Sunday, December 6, 2009
PINEAPPLE AND MANGO CHUTNEY
The only time I would encounter a chutney as a young girl was when we attended a wedding. And most of the time it would be a pineapple chutney.
Another kind of preserve that we have is called acar (pronounced ah-char). It is very similar to a chutney but it has a bigger proportion of vegetables to fruits. The sauce is made using more oil. Its a little sour and very spicy. Usually it is made up of cucumbers, julienned carrots, whole preserved limes, shallots, garlic cloves, whole bird chillies and sesame seeds or crushed peanuts.
And for the past 10 years or so we have seen the addition of little pieces of dried, salted fish. It became the the avant-garde ingredient for acar and added that oh-where-have-you-been-all-my-life oomph. And an acar without salted fish just wouldn't be right nowadays.
Needless to say acar is the preferred vegetable preserve over chutney in Malaysia simply because it is spicy rather than sweet.
However, I am making a chutney now because I was looking for an accompaniment that was on the sweet side for some black and white sesame seed crisps that I made recently. The recipe for the crisps will follow in my next post.
I had made some lovely Baba Ganoush as a dip at first but it lacked that crazy South East Asian spice factor that is a pre-requisite for my idiosyncratic biological make up.
And chutney seemed perfect because it is 'jammy' in texture, the fruits soft, the sauce thick and syrupy and is a little sweet, almost like a delicious jam. But with that wicked spicy edge to it. A perfect dip for those crunchy sesame seed crisps.
Besides I also get to use those lovely jars that I had bought ages ago but have had no occasion to use quite yet. Until now that is.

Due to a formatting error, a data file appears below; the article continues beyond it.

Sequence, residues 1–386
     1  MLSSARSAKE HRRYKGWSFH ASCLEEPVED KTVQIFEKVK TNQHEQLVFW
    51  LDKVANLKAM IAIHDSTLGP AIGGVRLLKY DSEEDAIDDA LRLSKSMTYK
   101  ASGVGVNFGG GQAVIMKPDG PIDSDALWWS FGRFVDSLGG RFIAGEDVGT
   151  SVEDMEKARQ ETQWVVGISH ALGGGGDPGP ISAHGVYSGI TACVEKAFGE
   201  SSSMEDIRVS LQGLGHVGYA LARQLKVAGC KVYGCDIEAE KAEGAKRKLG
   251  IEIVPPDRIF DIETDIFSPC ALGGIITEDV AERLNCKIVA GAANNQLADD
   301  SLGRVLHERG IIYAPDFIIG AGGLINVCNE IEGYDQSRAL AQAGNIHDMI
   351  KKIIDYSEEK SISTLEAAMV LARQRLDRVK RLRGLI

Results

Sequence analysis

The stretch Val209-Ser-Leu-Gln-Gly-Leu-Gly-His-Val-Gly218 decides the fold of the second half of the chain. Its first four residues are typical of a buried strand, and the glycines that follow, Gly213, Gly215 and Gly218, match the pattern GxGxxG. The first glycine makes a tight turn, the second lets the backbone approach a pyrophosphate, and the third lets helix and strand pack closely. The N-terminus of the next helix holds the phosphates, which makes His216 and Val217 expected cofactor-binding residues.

1 small pineapple, peeled and cubed
3 medium mangoes slightly underipe, peeled and cubed
5 whole garlic cloves, peeled
1 white onion, diced
1 inch ginger, grated finely
1 green chillie, cut into chunks
1 sweet red pepper, diced largish pieces
some raisins (optional)
2 T curry powder or less if you prefer mixed with some water into a slurry
1/2 cup pineapple vinegar
1/2 cup brown sugar
1 T of mustard seeds
The zest and juice of 1 lemon (optional)
2 T cooking oil
Heat oil in a medium pan until hot but not smoking. Saute the diced onions and garlic and ginger and mustard seeds until fragrant. Pour in the curry powder slurry and stir to avoid sticking to the bottom of the pan. Saute for about 6 minutes or more until the curry spice turns a darker shade is cooked well and fragrant.
Throw in the fruits, chillies, peppers, raisins and stir to mix well. Add the cider vinegar and brown sugar and mix again.
Let the mixture simmer and allow the the sauce to reduce to a thick and syrupy consistency. Add salt, the lemon zest and juice towards the end and cook a little while more to incorporate. Taste and adjust.
Leave to cool completely before storing.
This chutney is delicious eaten with the sesame crisps that I will be showing in my next post soon as a snack or a cocktail or as an appetizer. YUM...